In a few-shot setting, these explanations can be manually written for a few examples. Prompted this way, the model learns to generate a similar explanation, which is particularly useful on more challenging reasoning problems.
Chain-of-thought prompting can be seen in line of several prior research areas. While explanations have been most commonly used to improve interpretability, Rajani et al. (2019)
train a model to automatically generate explanations during training and inference, achieving a new SOTA on a commonsense reasoning dataset.
In a similar vein, Nye et al. (2020)
train a model to write the intermediate computation steps of an arithmetic problem to a “scratchpad”. For summarization, Narayan et al. (2021)
train a model to generate an entity chain (an ordered sequence of entities mentioned in the reference summary). At test time, the model first generates the entity chain before generating the summary.
There are other ways to improve learning with such intermediate outputs. Wang et al. (2022)
exploit the diversity of reasoning paths by sampling multiple chains of thought and then ensembling the final model predictions. As obtaining explanations for a large number of examples is expensive, Zelikman et al. (2022)
generate explanations for a large dataset by bootstrapping a model in the few-shot setting and only retaining explanations that lead to correct answers.
Using explanations, rationales or a description of reasoning steps works empirically but a more principled theory of how models leverage such rationales is still missing. In particular, it would be interesting to investigate to what extent a model’s reasoning conforms to the reasoning steps preferred by humans (although the model can also be trained to perform more human-like reasoning, similar to InstructGPT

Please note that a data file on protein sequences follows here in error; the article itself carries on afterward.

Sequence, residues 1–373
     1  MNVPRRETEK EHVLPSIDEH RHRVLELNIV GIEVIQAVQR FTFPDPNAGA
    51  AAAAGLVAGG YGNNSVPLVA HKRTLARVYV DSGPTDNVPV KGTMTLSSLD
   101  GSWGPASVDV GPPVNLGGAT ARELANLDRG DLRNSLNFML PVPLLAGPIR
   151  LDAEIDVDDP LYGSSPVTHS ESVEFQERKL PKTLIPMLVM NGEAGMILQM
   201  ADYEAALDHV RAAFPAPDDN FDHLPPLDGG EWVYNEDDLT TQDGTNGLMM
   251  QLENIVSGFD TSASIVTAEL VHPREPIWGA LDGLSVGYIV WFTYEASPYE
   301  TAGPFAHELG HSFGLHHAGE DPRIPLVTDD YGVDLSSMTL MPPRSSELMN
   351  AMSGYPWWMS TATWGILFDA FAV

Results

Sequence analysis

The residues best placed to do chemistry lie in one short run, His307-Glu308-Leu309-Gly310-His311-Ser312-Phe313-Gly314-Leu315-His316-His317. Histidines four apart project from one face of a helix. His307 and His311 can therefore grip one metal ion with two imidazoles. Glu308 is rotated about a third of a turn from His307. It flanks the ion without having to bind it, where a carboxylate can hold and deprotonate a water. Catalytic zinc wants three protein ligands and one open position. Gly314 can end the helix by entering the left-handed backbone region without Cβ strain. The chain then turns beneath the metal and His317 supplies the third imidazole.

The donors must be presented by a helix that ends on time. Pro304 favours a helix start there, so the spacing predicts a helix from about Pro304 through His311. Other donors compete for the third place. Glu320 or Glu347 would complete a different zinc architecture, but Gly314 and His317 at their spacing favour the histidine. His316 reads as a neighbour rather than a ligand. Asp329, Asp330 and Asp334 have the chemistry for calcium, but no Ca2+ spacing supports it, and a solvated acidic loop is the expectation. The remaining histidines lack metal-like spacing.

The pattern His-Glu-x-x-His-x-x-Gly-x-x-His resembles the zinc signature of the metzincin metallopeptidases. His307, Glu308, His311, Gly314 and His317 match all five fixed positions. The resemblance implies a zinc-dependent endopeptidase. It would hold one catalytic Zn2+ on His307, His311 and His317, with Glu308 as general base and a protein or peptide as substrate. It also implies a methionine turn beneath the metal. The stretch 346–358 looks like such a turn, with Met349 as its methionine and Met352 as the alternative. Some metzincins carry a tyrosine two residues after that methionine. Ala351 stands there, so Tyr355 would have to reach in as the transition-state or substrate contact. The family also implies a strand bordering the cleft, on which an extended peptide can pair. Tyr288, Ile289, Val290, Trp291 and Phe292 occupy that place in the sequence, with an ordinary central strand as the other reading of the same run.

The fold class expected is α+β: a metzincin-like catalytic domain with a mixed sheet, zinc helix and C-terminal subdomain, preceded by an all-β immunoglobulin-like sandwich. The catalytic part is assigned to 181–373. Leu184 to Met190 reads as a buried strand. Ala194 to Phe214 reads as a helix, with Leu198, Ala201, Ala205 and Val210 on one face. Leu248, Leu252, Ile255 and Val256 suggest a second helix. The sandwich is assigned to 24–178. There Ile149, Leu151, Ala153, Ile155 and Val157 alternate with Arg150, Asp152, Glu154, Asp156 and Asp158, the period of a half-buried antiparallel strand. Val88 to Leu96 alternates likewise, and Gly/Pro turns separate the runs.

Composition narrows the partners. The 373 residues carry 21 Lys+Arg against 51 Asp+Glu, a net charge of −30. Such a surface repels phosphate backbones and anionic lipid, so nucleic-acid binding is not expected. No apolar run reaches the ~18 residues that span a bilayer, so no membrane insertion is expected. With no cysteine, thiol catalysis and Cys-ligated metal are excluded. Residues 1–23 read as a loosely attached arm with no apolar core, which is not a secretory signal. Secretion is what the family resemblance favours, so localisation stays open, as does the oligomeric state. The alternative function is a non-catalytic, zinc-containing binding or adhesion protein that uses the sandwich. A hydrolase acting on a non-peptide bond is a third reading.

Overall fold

Beyond interpretability, generating an intermediate output enables the user to intervene on a model’s predictions. Narayan et al. (2021)
demonstrate this by removing entities from the entity chain that were not seen in the original input, which improves the faithfulness of the generated summary. As a side-effect, such intermediate-output methods provide an interface and the potential to modulate and steer the predictions of otherwise black-box models. We can thus expect work focusing on whether such rationales truly explain model behaviour, similar to the debate around the explainability of attention
Overall, chain-of-thought prompting and related methods offer a glimpse of the untapped potential of current models. They also present an important and relatively compute-efficient research direction that can bring large improvements on top of state-of-the-art models. In this research, domain expertise is particularly important as it enables the development of strategies, reasoning steps, or alternative input methods that are particularly suited to an application. Prompts also do not need to be restricted to input–output pairs or explanations and can be much richer, including things to avoid, rules of thumb, positive or negative examples, etc as in the schema of Mishra et al. (2022)